“We don’t smoke marijuana in Muskogee,” sang the great Merle Haggard in his iconic Okie from Muskogee. That will change now that Oklahoma voters have approved a referendum to legalize marijuana, as long as you have a license to use it.
Technically, the measure legalizes medical marijuana, but it is different from the laws in the 30 other states that allow marijuana as a medicine. The Oklahoma law will allow marijuana use for any reason whatsoever, as long as a doctor signs an application for a license.
I remember in California seeing a psychedelic-painted building at Venice Beach with the sign “the Doctor is in!” I was told that you can go in, tell the resident doctor that you have aches and pains (one of the prescribed conditions in the state’s medical marijuana law), and then you can go into the next room and buy whatever you want.
That will happen here in Oklahoma. Already many unscrupulous doctors have been contributing to the opioid epidemic. It is said that the referendum language is so vague that even a veterinarian will be able to get you a license. (I don’t know about us doctors of English literature.)
Now, of course, California has legalized recreational marijuana, and that is obviously the goal of Oklahoma activists, who don’t really hide it. But they have won a big victory in Tuesday’s vote, with this particular medical marijuana bill coming closer to that already.
The Oklahoma law also allows those with licenses to possess large quantities of the drug and makes provisions making it easy to start businesses providing them. Which is welcome news for drug dealers.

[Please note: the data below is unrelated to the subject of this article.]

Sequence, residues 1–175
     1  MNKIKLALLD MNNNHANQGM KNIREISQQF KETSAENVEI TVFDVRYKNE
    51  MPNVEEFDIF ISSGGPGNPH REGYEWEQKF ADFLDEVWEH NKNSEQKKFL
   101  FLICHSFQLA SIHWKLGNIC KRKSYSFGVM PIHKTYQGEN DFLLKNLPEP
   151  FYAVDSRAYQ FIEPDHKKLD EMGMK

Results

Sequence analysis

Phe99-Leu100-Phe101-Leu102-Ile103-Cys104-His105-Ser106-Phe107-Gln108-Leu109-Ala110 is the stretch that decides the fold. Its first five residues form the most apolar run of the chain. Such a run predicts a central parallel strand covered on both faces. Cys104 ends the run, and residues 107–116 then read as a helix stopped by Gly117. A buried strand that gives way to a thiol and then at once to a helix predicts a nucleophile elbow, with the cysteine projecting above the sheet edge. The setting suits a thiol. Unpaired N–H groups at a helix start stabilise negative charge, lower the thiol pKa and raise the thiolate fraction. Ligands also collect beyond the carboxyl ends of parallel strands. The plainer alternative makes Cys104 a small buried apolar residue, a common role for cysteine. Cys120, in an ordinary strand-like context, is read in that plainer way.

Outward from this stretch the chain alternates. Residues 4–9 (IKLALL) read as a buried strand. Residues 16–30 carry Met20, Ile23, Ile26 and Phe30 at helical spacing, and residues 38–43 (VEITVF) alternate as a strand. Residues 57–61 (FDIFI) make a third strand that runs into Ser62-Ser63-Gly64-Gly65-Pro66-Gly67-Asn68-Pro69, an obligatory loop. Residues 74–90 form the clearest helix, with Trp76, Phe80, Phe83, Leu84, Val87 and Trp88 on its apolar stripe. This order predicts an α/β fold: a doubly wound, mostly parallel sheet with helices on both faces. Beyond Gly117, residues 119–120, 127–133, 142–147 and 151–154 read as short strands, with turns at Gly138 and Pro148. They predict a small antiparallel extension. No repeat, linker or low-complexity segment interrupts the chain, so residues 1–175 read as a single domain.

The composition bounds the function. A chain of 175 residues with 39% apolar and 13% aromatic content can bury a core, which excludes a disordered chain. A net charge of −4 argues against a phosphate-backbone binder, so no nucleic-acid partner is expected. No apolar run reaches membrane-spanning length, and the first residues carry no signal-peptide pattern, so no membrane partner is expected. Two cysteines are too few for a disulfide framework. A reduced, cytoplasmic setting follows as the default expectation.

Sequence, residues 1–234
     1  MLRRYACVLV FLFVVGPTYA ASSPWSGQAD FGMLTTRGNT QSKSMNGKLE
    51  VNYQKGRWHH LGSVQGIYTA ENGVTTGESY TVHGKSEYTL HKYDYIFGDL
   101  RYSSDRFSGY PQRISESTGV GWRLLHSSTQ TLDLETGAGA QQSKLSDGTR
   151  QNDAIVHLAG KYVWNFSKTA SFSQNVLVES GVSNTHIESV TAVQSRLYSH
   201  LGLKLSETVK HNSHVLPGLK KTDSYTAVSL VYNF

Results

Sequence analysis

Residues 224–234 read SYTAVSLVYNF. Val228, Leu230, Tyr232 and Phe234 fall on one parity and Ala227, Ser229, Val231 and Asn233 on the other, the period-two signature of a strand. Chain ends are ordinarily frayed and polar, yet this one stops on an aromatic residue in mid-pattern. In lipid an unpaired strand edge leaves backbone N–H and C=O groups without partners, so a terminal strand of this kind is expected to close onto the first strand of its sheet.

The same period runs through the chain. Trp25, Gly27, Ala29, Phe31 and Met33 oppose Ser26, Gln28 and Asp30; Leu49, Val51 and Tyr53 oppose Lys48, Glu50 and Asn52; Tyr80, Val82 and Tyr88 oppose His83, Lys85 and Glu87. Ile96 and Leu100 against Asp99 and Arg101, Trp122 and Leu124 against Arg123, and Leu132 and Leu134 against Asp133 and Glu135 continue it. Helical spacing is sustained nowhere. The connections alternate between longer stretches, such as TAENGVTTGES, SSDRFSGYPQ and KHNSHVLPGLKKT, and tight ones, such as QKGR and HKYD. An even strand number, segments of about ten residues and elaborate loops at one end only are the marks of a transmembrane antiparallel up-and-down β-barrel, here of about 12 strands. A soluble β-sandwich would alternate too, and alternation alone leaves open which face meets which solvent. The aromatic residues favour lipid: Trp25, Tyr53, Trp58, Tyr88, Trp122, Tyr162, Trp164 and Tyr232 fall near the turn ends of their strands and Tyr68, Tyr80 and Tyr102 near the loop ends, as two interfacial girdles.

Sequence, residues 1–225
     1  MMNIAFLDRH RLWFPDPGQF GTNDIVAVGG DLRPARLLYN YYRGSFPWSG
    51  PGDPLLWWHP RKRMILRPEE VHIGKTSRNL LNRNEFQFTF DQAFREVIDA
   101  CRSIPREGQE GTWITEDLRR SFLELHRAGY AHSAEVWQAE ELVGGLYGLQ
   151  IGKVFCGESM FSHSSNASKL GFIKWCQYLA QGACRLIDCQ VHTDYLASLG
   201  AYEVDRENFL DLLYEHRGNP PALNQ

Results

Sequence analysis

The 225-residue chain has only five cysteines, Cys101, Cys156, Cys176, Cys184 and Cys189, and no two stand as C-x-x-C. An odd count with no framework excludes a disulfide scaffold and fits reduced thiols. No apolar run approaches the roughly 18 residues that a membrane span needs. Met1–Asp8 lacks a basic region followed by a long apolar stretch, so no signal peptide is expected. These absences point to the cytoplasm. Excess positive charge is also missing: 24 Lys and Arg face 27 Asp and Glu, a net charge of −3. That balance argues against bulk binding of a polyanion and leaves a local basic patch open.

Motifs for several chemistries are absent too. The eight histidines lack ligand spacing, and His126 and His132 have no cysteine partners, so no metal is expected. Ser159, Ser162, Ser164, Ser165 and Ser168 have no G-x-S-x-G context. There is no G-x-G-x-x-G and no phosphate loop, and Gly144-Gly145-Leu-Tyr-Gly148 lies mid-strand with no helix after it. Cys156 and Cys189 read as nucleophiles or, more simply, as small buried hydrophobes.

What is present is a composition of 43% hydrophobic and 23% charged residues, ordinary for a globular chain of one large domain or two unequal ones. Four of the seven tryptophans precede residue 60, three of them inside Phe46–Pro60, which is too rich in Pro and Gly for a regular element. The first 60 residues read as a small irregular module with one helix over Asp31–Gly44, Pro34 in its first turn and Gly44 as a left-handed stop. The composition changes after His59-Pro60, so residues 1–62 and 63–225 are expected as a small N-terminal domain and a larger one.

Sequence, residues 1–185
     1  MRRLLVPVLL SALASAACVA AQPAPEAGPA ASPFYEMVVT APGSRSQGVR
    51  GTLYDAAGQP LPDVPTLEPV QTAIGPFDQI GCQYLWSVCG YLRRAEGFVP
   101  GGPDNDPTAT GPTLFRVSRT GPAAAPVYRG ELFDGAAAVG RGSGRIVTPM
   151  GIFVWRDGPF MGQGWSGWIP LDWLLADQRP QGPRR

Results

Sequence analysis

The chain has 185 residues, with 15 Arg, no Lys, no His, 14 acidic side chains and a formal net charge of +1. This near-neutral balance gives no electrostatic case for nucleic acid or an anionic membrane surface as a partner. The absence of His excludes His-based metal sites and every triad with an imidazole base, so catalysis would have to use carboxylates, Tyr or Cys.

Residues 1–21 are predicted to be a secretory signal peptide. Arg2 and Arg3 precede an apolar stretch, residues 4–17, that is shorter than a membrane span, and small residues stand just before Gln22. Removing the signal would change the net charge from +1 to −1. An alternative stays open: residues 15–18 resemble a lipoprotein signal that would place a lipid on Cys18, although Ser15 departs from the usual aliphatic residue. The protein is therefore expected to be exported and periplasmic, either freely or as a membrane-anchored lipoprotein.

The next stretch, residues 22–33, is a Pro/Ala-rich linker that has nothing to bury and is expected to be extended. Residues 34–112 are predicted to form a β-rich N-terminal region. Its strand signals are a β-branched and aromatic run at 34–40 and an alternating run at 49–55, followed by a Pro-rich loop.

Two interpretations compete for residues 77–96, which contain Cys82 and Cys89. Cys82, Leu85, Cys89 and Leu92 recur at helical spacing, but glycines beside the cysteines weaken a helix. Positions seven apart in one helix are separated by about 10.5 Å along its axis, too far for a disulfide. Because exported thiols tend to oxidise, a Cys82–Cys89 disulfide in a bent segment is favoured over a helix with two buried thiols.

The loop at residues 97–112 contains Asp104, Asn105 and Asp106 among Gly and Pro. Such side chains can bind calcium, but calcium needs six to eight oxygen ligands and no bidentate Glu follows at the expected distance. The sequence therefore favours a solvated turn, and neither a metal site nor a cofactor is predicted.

The activists defended not including any medical conditions in the proposed law by saying that we should trust doctors. Oklahoma’s doctors, while being generally in favor of legalized medical marijuana as most states have it, opposed this bill. Presumably, the advocates didn’t want voters to trust them about that.
But the vote was decisive: 57% in favor, with 43% opposed. This, despite a big last-minute push by doctors, churches, and editorial writers opposing it.
Gov. Mary Fallin has said she will call a special session of the legislature to draw up regulations before the law goes into effect, ones that should tighten its vagueness and address at least some of the concerns (such as defining what kinds of doctors can grant licenses to their patients and draw parameters for “drug free work places”). So maybe that will mitigate some of the problems.
But here is the point: Oklahoma is one of the most socially conservative states in the union. The counterculture of the 1960s have triumphed even here. The days of the “moral majority” as celebrated in Okie from Muskogee are over.
In fact, the Okies who live in Muskogee voted for the bill 56% to 44%.
UPDATE: Just as I predicted, an entrepreneurial doctor has already opened the “Higher Care Clinic,” selling marijuana licenses for $250.